Drive Straight

Now that we have the ability to control the speed of the motors let’s change our DriveForDistanceCommand so to use speed rather than power to make the robot drive more straight. Open your file and change the setPower calls to setSpeed calls. Also since we are now using speed rather than power let’s rename the power parameter to speed. The best way to do this is to use VS Studio’s Rename function. Right click on the parameter power and choose Rename Symbol, then change the name to power. Note that this changes all instances in your program automatically. Let’s do the same for the member variable m_power, changing it to m_speed.

Your file should now look like:

Now if you deploy and run the (remember that this command is tied to button 2 on the joystick), you will see that once the robot gets going, it drives pretty straight. However while it is starting up, it may turn a little bit. This is because, as we saw from the speed graphs in the previous chapter, that the motors do not start up quite in sync. What we want is a way to measure if the robot has turned and compensate the power so that it drives in a straight line.

To do this, we are going to change our DriveForDistanceCommand to use both the left and right encoders to keep the robot driving straight. To do this we are going to need to access both the left and right encoders (currently we are only using the left encoder to measure the distance the robot has traveled). Add a declaration for m_rightEncoder and initialize it in the constructor:

In the initialize() function we need to reset the right encoder:

Now in the execute() function we are going to adjust the speed of the motors to keep the robot driving straight. The first thing we want to do is to get the current left and right encoder values and compute the difference between the two:

Now if the robot is driving straight then deltaDistance should be zero because the left and right wheels have turned by the same amount. It is, therefore, our goal to keep this deltaDistance as close to zero as we can at all times. If deltaDistance is positive, then this means that the right wheel has turned farther than the left and we need to slow it down and speed up the left. Conversely, if deltaDistance is negative then the left wheel is running too fast and we need to slow it down and speed up the right. Conceptually we want to subtract the deltaDistance from the speed of the right motor and add it to the speed of the left motor. Something like:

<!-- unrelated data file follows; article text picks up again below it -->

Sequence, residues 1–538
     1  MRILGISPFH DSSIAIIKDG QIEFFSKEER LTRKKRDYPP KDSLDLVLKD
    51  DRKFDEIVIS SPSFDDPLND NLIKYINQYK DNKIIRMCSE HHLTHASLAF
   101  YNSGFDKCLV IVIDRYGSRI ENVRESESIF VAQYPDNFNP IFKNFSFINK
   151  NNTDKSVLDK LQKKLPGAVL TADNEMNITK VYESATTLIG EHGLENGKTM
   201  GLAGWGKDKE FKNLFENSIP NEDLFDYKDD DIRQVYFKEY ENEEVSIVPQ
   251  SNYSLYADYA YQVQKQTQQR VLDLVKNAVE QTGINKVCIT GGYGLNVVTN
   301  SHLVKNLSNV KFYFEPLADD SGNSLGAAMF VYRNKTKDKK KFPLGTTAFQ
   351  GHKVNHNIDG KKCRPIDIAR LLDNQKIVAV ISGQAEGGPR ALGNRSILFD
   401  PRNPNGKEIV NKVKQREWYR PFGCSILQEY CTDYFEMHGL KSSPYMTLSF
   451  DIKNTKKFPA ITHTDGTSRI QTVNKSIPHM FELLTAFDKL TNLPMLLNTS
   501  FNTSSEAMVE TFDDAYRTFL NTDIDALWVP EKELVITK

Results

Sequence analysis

This is not quite what we want, however. Remember that the speed value should be in the range of -1.0 to +1.0. So if the difference between the left and right distance is greater than or equal to one, it will slam the robot to the left or right at full power which is not what we want. So what we need to do is to scale the deltaDistance by some fractional constant. Let’s start with a scale factor of 0.002:

Once again we are defining the scale factor as a constant k_scale which we define as follows:

The completed execute() function should now look like:

Your file should now look like:

Now deploy and run your program. You should see that the robot does a better job of driving straight. The size of the k_scale factor will control how quickly the robot corrects it’s direction. Like we did with the PID tuning for the drive motors, we would like k_scale to be as large as possible without creating any instability. Try increasing the value of k_scale to 0.004. Note that the robot will now over correct and start to swerve. Making it even larger can simply result in the robot quickly turning back and forth. Feel free to experiment with some other numbers and see what happens.

There are other mechanisms that you can use to keep your robot driving in a particular direction. For example, if your robot has a gyroscope sensor which reports it current orientation, you can use that sensor in a similar manner to drive a straight line. You would adjust the left and right motor speeds based on how far the robot is deviating from the desired direction. This mechanism has the advantage on not being affected by any wheel slippage that might occur, which would cause errors when using our wheel encoder method.

Before we move on, let’s make one more change to our DriveForDistanceCommand. Specifying the distance in encoder units is OK, but it would really be nice if we could use real world units like inches instead. To do that we will need to compute a conversion factor that will convert inches into the encoder units.

Set the robot up to run the DriveForDistanceCommand again, but this time put a piece of tape on the floor to mark it’s starting position. Then run your program and mark the position where the robot ends and measure the distance it traveled using a tape measure.





You should find that the robot moves about 84 inches. This means that 4000 encoder units is equal to 84 inches. So if we want to pass in the distance in inches, we will need to multiply that by (4000/ 84) to get encoder units. Change the DriveForDistanceCommand constructor to perform this calculation:

Now change your file to specify that the robot drive for 30 inches and give it a try.

One final note. This command, as written, will only drive the robot forward. If you attempt to drive backwards by setting the speed negative, you will find the robot never stops. It is left as an exercise for the reader to fix the program so that it can successfully drive either forward or backward.

Next: Turn Command